On 10 November, the Spanish government lodged an appeal with the Constitutional Court against aspects of the Balearic bullfighting legislation which it believed invaded state powers and were therefore unconstitutional. Madrid asked for a provisional suspension of the legislation, and the court has now agreed to this. The suspension will be in place for five months, at the end of which the court will have to decide to either lift the suspension or ratify it.
The suspension applies to specific articles in the legislation. These include ones to do with the age of the bull, its weight and the means of weighing it, the banning of the use of horses and also of the use of any sharp instrument that can cause injury to the bull and its death.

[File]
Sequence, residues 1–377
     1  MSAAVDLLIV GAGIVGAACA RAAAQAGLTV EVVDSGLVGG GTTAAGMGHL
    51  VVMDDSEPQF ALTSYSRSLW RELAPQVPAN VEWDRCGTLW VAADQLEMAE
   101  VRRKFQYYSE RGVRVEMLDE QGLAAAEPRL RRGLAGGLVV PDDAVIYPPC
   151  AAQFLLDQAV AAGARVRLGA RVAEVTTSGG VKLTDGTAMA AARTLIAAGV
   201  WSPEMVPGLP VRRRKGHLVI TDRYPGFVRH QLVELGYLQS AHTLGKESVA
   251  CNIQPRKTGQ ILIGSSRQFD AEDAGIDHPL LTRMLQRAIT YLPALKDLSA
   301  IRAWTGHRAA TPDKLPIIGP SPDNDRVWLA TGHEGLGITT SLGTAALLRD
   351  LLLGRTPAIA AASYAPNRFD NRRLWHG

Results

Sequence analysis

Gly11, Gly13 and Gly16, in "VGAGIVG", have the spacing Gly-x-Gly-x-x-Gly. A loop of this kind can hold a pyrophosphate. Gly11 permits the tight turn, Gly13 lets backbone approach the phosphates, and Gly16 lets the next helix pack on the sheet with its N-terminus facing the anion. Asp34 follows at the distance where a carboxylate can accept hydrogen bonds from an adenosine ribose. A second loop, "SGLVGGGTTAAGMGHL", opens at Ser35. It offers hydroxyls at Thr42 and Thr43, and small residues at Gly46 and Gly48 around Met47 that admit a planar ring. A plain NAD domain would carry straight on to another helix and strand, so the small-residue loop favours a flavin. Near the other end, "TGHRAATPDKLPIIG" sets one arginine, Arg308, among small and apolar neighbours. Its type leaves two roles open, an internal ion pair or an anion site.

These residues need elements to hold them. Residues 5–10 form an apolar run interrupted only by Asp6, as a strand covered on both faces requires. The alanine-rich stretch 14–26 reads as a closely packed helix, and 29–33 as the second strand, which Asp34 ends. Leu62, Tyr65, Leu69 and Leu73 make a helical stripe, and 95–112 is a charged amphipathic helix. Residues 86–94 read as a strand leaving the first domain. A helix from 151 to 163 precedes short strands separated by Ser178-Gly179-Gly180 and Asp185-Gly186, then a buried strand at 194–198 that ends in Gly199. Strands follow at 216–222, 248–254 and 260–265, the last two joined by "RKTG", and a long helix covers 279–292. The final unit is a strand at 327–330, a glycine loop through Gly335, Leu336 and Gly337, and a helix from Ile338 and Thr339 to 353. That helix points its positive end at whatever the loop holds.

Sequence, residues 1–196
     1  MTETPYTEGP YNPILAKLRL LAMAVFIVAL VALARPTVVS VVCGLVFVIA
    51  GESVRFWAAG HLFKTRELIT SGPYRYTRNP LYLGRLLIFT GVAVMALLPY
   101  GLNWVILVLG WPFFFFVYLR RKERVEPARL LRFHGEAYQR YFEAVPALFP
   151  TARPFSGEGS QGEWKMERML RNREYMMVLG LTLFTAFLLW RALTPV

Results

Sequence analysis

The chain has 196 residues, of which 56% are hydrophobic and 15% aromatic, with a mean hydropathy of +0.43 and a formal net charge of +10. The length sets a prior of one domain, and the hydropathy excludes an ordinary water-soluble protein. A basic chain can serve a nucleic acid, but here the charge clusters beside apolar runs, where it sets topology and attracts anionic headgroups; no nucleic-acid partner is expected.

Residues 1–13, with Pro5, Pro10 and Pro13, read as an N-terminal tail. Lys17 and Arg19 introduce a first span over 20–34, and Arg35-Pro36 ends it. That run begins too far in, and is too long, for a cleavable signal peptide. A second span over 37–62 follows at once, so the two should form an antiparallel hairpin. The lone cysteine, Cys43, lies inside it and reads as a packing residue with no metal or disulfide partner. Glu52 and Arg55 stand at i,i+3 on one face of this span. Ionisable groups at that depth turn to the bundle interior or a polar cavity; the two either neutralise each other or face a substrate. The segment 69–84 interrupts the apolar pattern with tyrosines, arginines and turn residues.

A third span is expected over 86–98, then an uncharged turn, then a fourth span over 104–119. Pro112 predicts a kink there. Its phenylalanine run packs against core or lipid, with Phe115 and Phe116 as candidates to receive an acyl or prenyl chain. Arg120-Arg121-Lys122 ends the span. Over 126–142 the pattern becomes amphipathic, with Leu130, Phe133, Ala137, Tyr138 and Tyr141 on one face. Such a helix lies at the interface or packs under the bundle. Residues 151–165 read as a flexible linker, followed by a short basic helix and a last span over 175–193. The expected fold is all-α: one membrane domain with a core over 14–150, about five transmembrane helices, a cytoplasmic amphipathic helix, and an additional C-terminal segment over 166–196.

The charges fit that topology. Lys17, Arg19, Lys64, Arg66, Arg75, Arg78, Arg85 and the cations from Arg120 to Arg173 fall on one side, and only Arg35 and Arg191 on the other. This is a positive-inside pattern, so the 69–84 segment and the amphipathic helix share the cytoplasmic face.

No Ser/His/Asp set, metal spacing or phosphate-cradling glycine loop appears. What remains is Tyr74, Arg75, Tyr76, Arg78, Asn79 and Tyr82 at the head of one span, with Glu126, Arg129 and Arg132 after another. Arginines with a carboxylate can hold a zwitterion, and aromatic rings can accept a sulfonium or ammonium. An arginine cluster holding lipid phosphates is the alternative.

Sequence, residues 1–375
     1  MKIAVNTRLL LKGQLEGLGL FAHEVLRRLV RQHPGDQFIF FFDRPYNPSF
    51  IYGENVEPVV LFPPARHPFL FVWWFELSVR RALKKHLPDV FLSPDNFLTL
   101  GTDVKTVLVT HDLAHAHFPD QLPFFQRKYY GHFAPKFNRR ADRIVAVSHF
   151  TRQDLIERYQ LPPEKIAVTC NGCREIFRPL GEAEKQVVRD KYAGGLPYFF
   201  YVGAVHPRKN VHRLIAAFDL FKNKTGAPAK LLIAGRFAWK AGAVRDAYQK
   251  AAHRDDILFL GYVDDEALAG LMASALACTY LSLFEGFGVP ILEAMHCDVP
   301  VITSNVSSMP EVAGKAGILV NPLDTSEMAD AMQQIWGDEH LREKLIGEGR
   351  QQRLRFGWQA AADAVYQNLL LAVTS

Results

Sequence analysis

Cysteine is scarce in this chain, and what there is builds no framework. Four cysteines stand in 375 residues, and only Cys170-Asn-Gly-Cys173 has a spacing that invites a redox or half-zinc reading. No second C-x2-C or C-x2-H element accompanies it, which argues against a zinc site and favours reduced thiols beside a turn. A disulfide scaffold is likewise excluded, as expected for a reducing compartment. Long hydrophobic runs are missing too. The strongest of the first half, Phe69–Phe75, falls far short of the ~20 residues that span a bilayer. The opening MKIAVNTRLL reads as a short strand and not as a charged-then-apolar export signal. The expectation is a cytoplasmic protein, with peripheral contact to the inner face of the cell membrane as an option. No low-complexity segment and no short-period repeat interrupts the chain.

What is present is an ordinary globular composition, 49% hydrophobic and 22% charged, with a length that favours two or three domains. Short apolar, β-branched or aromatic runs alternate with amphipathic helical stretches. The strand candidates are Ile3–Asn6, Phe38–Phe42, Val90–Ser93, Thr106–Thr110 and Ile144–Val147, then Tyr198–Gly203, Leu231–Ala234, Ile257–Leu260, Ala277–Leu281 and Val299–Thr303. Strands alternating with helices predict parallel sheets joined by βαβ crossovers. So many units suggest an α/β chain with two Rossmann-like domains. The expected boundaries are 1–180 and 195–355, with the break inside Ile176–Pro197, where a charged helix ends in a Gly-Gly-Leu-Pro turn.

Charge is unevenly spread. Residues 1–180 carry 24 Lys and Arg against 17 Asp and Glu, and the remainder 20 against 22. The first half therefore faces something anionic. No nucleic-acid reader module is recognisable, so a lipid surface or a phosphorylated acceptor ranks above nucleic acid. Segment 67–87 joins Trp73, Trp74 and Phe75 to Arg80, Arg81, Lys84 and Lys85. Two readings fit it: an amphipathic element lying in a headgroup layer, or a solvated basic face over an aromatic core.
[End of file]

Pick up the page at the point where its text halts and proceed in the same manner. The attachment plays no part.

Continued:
The Madrid government made its appeal because the Balearic government does not have relevant powers to legislate and because of contravention of state laws on intangible heritage and bullfighting. Madrid believes that the Balearic law "invades and undermines state powers that regulate basic conditions that guarantee the equality of all Spaniards to exercise their rights and duties".
The Balearic legislation stopped short of an outright ban on bullfighting. This had been the intention, but the Constitutional Court's ruling on the Catalonia bullfighting ban required a change in legislative strategy. The articles in the law seek to make the staging of bullfights impossible and specifically make the killing of a bull unlawful.